Guest Column: Return to rigorous science for game decisions
The board of Amigos de la Sevilleta National Wildlife Refuge recently discussed issues before the New Mexico Game Commission. It is the opinion of the board that the commission could be doing a better job planning management of our state’s cougars and bears.
Aldo Leopold was a great New Mexican (from 1909 to 1924) who wrote one of the seminal works on the ecology of huntable wildlife in 1933, Game Management. He used his strong academic background to set the tone for scientific game management. He would likely take issue with the work the commission has been doing lately. He should be the guide for your actions, not public opinion or political pressure.
The lack of a clear understanding of the status of both species in question is an obvious barrier to intelligent decision-making. We feel one cannot make good decisions without that knowledge.
In addition, the suggestion that some of the taking of top predators — cougars — could take place without recording, is irresponsible in the extreme. The idea that taking cougars on private land falls outside the purview of the commission is unthinkable.
Bears also are poorly understood in the state, although better understood than the cougars. Opening the gates to higher takes of this species is premature without more knowledge.
Finally, we have great concerns about the use of snares and leghold traps in the taking of both these species. Significant numbers of non-target animals, both wild and domestic, will be put at risk. Endangered species such as the Mexican gray wolf especially need to be protected from this scattergun approach to removing animals from the population.
The board of Amigos de la Sevilleta offers these comments with a strong encouragement that the New Mexico Game Commission look to the roots of scientific game management, which are part of our state heritage, and return to rigorous science rather than emotional and politically expedient motivations.
John Wilson retired to Magdalena after working as a teacher, then as a naturalist for the National Audubon Society in Ohio. He is a graduate of Miami University’s Institute of Environmental Studies. He serves on the board of the Amigos de la Sevilleta, the Friends group for Sevilleta National Wildlife Refuge.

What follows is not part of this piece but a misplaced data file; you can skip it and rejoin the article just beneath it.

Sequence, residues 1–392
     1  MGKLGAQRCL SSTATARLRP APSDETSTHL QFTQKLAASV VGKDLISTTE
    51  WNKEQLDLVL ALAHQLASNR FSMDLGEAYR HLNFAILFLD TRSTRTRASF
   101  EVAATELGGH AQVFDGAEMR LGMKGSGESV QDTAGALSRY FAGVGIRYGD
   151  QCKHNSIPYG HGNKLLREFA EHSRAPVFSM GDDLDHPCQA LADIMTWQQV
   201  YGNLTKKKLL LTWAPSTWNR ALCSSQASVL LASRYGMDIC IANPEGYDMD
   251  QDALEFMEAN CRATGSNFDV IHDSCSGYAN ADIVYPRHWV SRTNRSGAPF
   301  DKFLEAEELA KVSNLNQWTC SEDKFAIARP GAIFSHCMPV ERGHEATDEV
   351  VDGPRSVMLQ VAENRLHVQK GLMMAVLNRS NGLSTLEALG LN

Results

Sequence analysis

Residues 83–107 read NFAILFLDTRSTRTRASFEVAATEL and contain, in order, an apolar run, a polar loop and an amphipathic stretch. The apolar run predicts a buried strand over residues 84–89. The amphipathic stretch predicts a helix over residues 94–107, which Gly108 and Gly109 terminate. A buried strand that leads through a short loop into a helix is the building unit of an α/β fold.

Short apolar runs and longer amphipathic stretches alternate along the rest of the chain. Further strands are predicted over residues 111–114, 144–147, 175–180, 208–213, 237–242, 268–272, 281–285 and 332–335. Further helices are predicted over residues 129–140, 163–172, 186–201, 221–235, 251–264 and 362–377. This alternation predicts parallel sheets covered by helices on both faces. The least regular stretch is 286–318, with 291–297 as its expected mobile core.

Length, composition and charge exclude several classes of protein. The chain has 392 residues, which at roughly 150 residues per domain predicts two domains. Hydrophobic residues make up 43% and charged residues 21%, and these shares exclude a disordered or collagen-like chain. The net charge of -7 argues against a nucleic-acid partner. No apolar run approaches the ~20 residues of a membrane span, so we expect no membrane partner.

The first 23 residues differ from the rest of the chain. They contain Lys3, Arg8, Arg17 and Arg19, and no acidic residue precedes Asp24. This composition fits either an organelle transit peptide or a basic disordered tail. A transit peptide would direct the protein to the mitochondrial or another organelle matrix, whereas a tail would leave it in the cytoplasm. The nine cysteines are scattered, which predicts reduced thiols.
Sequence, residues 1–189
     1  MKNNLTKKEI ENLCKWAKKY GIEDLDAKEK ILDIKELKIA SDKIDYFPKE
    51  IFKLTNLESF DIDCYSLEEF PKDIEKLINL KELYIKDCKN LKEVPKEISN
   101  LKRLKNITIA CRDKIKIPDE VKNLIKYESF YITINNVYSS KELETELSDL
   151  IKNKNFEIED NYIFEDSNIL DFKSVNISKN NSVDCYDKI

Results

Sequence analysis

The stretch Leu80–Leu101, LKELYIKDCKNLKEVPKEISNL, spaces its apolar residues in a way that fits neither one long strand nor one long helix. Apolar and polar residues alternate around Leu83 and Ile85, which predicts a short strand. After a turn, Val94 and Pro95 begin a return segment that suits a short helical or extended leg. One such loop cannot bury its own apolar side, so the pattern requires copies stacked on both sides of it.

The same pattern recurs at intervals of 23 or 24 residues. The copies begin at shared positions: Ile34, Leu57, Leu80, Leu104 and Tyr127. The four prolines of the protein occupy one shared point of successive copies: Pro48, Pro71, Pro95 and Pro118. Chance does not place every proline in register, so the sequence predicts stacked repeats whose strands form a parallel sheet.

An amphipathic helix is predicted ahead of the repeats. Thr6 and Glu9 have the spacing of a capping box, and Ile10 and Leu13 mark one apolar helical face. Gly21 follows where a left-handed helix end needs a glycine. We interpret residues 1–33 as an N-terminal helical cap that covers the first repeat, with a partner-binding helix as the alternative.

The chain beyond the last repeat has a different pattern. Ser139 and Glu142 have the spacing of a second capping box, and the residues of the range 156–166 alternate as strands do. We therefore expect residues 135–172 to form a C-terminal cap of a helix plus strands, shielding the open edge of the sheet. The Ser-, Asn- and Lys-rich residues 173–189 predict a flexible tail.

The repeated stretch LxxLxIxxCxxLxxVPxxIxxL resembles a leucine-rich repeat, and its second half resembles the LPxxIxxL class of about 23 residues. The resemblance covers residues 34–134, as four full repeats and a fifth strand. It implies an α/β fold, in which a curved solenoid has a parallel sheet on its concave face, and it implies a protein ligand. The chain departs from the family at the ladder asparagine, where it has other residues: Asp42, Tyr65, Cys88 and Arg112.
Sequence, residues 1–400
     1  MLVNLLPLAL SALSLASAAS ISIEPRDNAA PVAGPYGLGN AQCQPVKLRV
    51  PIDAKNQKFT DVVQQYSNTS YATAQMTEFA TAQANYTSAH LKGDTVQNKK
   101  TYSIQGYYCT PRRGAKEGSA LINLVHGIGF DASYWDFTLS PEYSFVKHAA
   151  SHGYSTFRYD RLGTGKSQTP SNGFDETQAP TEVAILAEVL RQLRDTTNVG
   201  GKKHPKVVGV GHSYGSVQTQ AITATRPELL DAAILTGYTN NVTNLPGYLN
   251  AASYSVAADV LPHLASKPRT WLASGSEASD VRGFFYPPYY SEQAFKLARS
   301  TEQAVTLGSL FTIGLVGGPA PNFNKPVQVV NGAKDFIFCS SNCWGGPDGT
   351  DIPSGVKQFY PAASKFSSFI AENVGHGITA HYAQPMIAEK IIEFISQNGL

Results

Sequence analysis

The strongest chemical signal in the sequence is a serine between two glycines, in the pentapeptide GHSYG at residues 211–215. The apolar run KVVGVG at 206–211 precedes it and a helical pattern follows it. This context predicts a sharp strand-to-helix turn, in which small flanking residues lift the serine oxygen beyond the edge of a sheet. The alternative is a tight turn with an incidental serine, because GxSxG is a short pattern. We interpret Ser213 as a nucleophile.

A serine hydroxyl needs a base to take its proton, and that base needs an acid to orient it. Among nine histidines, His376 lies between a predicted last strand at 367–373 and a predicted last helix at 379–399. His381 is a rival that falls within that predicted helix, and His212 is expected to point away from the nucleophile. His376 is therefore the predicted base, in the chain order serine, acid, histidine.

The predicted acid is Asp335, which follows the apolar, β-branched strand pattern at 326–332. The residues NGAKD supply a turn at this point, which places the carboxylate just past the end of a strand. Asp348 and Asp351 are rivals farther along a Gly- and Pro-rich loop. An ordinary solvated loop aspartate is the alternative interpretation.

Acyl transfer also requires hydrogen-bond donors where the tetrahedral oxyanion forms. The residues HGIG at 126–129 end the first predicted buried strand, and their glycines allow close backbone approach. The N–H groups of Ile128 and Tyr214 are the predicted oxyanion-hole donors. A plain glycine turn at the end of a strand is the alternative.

with a letter to the editor!
The letters to the editor page is one of the most widely read, influential parts of the newspaper. One letter from you can reach thousands of people and will also likely be read by decision-makers. Tips and talking points for writing your letter are below, but please write in your own words, from your own experience.
- At last official count, only 110 Mexican gray wolves were found in the wild, making them one of the most endangered wolves in the world. Actions such as NM Game Commission’s unwarranted denial of the Ladder Ranch and USFWS permits will only further complicate efforts to recover these rare wolves.
- As the federal agency responsible for the recovery of endangered species, the U.S. Fish and Wildlife Service can and must move forward with releases of captive wolves, regardless of the Commission. The Service should be releasing entire families of wolves from captivity instead of deferring to state agencies that are clearly hostile to wolf recovery.
- The federal government nearly drove the Mexican gray wolf to extinction in the 1900’s. We have a moral responsibility to do all we can to ensure these wolves do not go extinct and NM Game Commission is ignoring that sacred charge and their public trust responsibility.
- US Fish and Wildlife Service must be able to release wolves into New Mexico to improve the dwindling genetic health of the wild population. The wild wolves suffer from inbreeding depression and can’t wait for politics or risky experimental techniques like cross-fostering.